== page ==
ECONOMIC DATA: Manufacturing Growth in June. Will It Continue?

By at 16 July, 2019, 2:46 pm

by Raymond J. Keating-

Industrial production (i.e., the real output of the manufacturing, mining, and electric and gas utilities) saw no growth in June, according to the latest report from the Federal Reserve. However, manufacturing output, which makes up the biggest chunk of industrial production, grew for the second consecutive month.

The main negative was in utility output, as the Fed reported: “The output of utilities fell 3.6 percent as milder-than-usual temperatures in June reduced the demand for air conditioning.”

The manufacturing data warrants attention. Manufacturing production has been troubled so far this year. Output experienced big declines in January, February and April, with March being flat. Growth resumed in May (+0.2 percent) and continued in June (+0.4 percent).

Two months of growth certainly are welcome, but things remain precarious. Manufacturing production in June 2019 stood at the exact same level where it was in July 2018. That means no growth over the past near-year. From December of 2018 to June 2019, manufacturing output was actually down by 1.1 percent.

Finally, it must be pointed out that manufacturing output still has not recovered from the high hit just before the start of the last recession. So, manufacturing output remains lower in June 2019 compared to its December 2007 level (see chart).

Source: Federal Reserve Bank of St. Louis, FRED

The weak performance in manufacturing during the last decade or so is not due to trade or bad trade deals, as some would argue. In fact, reducing trade barriers during the post-World-War-II era had been good news for American businesses and workers, including manufacturers, as lower governmental barriers to trade have meant expanded markets for U.S. goods, as well as greater choices and lower costs for inputs.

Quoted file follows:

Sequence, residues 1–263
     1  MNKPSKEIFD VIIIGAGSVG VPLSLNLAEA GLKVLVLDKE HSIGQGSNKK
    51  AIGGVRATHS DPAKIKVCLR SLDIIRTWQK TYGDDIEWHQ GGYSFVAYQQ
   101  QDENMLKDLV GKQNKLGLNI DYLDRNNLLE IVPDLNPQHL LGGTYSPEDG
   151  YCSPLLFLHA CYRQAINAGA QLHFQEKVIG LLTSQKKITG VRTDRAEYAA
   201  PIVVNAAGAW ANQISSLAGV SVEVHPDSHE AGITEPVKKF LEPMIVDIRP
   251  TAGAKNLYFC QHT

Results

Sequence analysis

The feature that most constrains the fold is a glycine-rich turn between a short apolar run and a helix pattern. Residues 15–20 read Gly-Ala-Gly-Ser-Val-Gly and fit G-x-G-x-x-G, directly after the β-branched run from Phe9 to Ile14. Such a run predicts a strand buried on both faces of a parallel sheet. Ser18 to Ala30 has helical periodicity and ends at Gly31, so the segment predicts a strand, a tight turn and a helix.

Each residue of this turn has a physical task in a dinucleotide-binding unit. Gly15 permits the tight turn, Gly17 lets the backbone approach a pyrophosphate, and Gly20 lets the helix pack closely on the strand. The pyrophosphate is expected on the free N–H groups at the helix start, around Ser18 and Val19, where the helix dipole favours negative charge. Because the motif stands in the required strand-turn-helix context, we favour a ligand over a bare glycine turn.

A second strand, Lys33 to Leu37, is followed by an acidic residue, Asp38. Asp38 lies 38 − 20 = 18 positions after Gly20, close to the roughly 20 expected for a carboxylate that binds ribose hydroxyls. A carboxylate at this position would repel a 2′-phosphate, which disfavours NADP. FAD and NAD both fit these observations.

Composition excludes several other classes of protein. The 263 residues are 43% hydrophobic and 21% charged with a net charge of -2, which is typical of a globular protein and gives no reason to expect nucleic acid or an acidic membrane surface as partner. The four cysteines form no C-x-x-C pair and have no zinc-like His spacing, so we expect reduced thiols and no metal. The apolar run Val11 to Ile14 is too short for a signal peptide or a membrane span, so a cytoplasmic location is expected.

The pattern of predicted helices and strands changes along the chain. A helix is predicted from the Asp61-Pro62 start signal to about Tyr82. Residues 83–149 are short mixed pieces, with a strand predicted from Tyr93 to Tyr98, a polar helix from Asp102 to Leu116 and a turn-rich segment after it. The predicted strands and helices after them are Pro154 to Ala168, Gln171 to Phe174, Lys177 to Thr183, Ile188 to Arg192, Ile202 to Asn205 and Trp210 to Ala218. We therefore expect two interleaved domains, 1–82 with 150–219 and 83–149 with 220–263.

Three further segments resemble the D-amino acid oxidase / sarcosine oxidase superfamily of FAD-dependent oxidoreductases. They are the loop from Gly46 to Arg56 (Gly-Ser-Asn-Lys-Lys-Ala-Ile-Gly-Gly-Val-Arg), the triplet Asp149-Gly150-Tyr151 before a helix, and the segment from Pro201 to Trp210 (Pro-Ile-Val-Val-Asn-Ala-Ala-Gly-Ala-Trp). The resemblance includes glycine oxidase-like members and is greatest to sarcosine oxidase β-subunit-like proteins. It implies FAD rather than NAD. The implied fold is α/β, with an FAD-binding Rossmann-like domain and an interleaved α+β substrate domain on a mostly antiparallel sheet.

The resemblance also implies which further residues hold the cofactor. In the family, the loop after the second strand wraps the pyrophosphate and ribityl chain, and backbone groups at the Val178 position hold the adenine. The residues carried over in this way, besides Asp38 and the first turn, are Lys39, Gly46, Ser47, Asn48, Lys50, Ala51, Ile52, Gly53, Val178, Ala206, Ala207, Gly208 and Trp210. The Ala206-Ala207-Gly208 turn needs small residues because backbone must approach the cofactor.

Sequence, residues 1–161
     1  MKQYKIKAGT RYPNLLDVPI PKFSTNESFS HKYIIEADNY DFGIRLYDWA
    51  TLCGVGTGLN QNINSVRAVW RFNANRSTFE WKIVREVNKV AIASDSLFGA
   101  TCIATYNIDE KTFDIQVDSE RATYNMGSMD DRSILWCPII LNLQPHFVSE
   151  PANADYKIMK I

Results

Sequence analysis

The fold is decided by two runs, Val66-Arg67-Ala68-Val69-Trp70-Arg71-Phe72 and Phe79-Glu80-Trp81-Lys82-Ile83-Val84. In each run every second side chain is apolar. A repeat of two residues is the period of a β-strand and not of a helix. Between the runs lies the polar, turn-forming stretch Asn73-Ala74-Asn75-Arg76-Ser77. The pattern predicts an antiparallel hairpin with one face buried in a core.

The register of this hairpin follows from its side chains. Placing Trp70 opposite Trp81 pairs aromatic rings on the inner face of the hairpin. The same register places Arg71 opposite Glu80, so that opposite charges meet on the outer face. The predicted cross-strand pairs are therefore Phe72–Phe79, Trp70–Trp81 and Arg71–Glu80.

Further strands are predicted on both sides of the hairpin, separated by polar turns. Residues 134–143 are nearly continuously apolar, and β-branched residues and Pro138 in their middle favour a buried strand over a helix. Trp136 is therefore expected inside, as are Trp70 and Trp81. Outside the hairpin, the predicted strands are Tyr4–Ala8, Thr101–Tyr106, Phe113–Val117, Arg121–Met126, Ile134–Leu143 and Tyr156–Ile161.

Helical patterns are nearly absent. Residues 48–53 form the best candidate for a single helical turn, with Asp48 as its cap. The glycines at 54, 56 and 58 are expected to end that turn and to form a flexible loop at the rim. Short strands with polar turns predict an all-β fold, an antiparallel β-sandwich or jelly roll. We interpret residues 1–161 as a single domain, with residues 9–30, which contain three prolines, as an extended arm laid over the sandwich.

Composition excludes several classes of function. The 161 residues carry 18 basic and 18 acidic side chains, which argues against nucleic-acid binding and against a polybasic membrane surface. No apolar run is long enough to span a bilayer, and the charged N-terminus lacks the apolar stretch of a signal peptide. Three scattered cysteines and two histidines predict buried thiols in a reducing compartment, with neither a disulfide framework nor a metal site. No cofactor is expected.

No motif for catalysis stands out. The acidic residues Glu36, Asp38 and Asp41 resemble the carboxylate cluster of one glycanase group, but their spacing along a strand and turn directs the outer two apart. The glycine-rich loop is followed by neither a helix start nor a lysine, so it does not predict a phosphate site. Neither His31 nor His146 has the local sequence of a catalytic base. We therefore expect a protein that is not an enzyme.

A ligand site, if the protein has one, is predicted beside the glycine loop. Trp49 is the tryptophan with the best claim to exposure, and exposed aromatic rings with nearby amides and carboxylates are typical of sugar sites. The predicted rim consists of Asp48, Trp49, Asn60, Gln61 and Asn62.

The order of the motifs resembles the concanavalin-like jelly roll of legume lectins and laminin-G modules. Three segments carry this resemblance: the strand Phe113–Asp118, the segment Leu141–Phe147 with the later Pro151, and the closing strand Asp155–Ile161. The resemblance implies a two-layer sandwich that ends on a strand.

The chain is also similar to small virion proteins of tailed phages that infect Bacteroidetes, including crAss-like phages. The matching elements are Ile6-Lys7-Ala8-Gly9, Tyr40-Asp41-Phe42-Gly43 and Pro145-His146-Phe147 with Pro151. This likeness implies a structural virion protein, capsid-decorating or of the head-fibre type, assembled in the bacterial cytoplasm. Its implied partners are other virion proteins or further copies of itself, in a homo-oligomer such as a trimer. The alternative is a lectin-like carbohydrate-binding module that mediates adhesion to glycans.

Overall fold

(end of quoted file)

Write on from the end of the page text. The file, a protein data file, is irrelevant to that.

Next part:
Indeed, the most recent challenges for U.S. manufacturers come from uncertainty over the direction of trade and the imposition of tariffs by the Trump Administration. The threat of additional tariffs is ongoing, as are the responses by our trading partners.

The best way, at this point in time, to boost American manufacturing – which is overwhelmingly about small businesses (for example, with 74.7 percent of manufacturing employer firms having fewer than 20 employees) – is to advance a true free trade agenda, which will reduce governmental costs and barriers so individuals and businesses can more easily conduct commerce with each other across borders.

Raymond J. Keating is chief economist for the Small Business & Entrepreneurship Council.


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